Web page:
Read more >> THE ECONOMIC TIMES
To Pakistan, terrorists seem a more formidable enemy than rising temperatures and sea levels. But what happens when climate change upends Karachi, the country’s economic backbone?
For decades, Pakistan has struggled to manage urgent crises, ranging from infrastructure woes to terrorism. While its policies focus on short-term conventional threats, a potentially devastating danger lurks in the shadows: climate change. As the impact of global warming continues to grow, the political and economic instability it brings will threaten Pakistan’s security. The Pakistani government must prioritize its response to climate change in order to mitigate environmental threats and prevent future calamities.
Read more » FP
See more » https://foreignpolicy.com/2016/03/04/pakistans-big-threat-isnt-terrorism-its-climate-change/
The train will run across the country to showcase unity & harmony with Christians on the eve of Christmas
The train started its journey from Rawalpindi on Thursday and is scheduled to reach Karachi on December 31, 2016, Pakistani newspaper Dawn reported.
Christians in Pakistan make up for one of the two largest (non-Muslim) religious minorities along with Hindus.
The total number of Christians in Pakistan was estimated to be 1.6% of the population in 2005.
The minister, while addressing the inauguration ceremony, said Christians played a key role in the development and prosperity of Pakistan.
“The white colour of our national flag denotes minority groups, and it is incomplete without them,” he said, adding that this train would serve as a symbol of unity, tranquility and harmony wherever it would go.
Read more » WIONEWS
See more » http://www.wionews.com/south-asia/christmas-peace-train-inaugurated-in-pakistan-10441
Asad Chandio is a journalist and a human rights activist based in Sindh, Pakistan.
These are the major dialects of Sindhi Language. The language is the same but their is a slight difference in words or way of speaking. Their are several other dialects of Sindhi language too (like Memoni) but they are not spoken by a big population.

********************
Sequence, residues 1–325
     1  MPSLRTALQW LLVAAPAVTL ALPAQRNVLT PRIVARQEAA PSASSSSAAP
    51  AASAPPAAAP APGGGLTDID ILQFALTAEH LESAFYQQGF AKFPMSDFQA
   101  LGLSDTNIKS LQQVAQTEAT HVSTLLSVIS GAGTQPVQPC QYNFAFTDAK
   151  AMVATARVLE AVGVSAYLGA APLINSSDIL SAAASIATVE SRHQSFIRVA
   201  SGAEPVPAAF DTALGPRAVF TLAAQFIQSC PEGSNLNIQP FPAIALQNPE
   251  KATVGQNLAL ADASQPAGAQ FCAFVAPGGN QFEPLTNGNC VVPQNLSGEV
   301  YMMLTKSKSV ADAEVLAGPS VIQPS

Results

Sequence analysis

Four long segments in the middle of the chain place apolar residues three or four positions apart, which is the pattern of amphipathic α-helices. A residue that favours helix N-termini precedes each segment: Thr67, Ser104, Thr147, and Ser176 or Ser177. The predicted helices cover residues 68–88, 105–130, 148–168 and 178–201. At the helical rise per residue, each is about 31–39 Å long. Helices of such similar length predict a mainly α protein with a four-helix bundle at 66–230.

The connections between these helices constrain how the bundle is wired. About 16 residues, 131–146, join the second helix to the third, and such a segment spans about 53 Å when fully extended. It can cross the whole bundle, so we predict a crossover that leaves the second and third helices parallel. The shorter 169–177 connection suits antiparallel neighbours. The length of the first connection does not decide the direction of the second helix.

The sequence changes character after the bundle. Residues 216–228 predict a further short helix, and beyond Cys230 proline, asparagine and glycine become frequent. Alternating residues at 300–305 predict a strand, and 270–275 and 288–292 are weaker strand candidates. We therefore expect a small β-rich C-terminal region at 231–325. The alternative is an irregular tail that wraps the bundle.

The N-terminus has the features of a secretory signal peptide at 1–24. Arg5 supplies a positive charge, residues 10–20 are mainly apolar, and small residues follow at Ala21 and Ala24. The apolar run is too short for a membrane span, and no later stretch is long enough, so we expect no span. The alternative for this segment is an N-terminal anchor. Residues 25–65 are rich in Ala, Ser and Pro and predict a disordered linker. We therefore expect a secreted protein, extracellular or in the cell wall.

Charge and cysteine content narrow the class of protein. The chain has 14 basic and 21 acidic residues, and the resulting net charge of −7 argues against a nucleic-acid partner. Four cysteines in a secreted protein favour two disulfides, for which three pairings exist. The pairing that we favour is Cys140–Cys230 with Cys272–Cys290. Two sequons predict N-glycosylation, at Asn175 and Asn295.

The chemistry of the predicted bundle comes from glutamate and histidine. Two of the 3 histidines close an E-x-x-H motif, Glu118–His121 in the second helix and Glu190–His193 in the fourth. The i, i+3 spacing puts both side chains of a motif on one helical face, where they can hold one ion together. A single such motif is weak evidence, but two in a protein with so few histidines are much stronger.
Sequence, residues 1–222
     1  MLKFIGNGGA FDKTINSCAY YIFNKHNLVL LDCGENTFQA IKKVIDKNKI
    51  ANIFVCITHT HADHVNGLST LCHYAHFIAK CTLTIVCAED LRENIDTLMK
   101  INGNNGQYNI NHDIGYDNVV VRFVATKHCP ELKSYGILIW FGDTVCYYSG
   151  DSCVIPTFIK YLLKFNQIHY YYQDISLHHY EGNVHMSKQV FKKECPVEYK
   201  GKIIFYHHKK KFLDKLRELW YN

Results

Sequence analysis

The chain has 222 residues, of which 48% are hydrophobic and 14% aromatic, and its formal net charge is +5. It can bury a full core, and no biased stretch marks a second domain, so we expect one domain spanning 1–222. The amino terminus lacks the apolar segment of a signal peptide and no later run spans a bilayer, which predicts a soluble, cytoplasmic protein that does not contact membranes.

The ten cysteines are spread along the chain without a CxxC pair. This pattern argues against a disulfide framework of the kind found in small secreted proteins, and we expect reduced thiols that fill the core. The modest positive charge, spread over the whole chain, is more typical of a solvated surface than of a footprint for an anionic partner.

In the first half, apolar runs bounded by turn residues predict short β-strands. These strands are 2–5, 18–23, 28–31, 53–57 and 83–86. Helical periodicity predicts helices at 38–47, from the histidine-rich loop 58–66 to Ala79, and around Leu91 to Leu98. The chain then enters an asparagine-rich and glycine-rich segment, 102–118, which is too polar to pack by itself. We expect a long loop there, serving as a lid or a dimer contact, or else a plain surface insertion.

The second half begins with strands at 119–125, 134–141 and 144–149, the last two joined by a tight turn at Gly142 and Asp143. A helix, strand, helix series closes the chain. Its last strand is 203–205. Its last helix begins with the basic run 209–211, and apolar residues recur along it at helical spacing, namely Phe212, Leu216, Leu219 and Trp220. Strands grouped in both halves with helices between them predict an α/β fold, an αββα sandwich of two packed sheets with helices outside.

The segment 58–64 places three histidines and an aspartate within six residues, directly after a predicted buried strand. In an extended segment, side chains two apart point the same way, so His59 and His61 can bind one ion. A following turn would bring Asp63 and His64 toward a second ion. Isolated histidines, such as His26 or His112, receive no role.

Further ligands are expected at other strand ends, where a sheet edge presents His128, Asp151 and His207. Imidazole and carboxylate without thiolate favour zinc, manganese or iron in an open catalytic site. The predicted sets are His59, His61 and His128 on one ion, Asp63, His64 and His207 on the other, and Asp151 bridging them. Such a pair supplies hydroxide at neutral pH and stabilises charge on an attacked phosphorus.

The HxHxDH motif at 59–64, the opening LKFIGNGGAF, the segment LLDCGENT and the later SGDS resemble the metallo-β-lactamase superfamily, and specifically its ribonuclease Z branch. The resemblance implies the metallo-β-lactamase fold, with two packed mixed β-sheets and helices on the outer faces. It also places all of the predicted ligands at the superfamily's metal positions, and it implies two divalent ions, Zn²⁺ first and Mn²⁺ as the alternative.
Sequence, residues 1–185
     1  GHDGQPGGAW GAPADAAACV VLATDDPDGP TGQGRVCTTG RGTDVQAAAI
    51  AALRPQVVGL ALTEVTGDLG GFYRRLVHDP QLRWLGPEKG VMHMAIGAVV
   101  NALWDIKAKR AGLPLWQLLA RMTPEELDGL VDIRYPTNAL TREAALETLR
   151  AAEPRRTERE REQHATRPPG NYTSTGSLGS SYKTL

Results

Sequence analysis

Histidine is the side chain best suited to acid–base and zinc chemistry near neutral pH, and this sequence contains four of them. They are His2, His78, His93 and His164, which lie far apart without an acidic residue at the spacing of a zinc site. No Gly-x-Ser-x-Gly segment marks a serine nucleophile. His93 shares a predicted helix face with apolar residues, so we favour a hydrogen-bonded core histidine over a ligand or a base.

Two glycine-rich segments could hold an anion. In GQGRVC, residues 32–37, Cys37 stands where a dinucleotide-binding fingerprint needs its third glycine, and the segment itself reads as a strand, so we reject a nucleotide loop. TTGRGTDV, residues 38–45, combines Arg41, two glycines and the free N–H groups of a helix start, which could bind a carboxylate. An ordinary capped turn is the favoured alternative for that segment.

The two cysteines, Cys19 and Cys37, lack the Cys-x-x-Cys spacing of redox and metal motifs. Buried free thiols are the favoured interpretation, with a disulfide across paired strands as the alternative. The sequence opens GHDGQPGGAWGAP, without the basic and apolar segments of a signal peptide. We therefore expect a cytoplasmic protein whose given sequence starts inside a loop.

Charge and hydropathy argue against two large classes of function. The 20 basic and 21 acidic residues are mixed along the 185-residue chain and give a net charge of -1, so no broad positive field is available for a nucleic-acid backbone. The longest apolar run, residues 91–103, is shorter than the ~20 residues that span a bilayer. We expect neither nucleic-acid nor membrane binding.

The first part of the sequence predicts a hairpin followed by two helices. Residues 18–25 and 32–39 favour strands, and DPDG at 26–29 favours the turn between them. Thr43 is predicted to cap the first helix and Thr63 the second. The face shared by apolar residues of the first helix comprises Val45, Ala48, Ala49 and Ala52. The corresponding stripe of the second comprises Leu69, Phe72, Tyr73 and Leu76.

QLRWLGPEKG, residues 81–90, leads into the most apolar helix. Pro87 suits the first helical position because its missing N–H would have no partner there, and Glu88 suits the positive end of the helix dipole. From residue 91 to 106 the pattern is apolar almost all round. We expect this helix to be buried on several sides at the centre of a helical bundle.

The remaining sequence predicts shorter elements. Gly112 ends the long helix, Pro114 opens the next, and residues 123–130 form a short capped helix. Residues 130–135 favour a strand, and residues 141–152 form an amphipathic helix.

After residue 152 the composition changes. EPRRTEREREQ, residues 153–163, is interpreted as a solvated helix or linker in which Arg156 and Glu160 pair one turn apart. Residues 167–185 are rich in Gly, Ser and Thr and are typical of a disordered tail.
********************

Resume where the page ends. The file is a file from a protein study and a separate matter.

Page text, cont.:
Futher information about the Dialects:
1. Laasi – It is spoken by around 1 million people in Parts of Lasbela, Balochistan and Sindh.
2. Larri – It is spoken by over 2 million people, in Thatto, Sujawal and Tando.
3. Kutchhi, it is spoken by around 2 million people in Pakistan and 2 million in India too. Their is a hug Kutchhi population in Karachi, Sindh. The language bears more grammatical similarity with Sindhi and lexical similarity with Gujarati.
4. Thari or Thareli or (Ddaaddki): it is language of the people of Thar. Spoken on both side of border by over 6-7 million. It is a bit influenced by Rajasthani languages.
5. Vicholi: It is spoken by a huge population of Sindhis. It is spoken mostly in Hyderabad region. Over 11 million people speak this dialect.
6. Siroli: It is spoken by a large Number of people in Upper Sindh, Larkano and Sukkur region, but also in parts of Balochistan and RahimYarKhan (Punjab). It is influenced by Seraiki. It is spoke by over 11 million people. In Balochistan it is known as Firaqi Sindhi, with around 1 million speakers.
* In Karachi the situation is different and Sindhi is more influenced by Urdu, and all dialects mix up. While in rural Karachi people usually speak Laasi or Larri. The total number of Sindhi speakers worldwide is impossible to know as Census of Pakistan and India are politically influenced. According to famous Pakistani demographers the population of Sindh is usually 15-20% shown lesser than it actually is. The total number of Sindhis worldwide is over 40 million, out of which 80% live in Sindh, Pakistan. All the Memon’s and even those that came in 1947 are actually Sindhis by ancestry, their origin is from Thatto. Sindhis in India make up around 6-7 million of the population and while Sindhis in other countries make up around 1.5 million to 2 million, out of which 60% are Indian, and remaining Pakistani Diaspora, but the Pakistani Sindhi diaspora is growing at a faster rate*
Courtesy: Source of above material: Explore the Beauty of Sindh
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Other than that there are some more branches of the Dialects of Sindhi language
1- Lahinda لهندا معنا اولهندي واري زبان
2- Saraiki/ Jatki سرائڪي يا جتڪي
3- Kaytranni ڪيتراڻي جا لهندا سان مشابهت رکي ٿي
4- Ubhee اُڀي
5- Thareli/ ddaddki ٿريلي يا ڍاڍڪي
6- Mokakee موڪاڪي
7- Lorree chienee لوڙي چيني
8- Jadghhalee جدغالي
Reference: Janat-ul-Sindh book ريفرينس جنت السنڌ ڪتاب
HYDERABAD: For the first time since the inception of the country, the Sindh culture department has posthumously honoured with Latif Award, German philologist Ernest Trumpp who was the first to compile Shah jo Risalo in 1866 and write a book on Sindhi grammar.Continue reading Sindh: German philologist Ernest Trump gets Latif Award 150 years after compiling Shah jo Risalo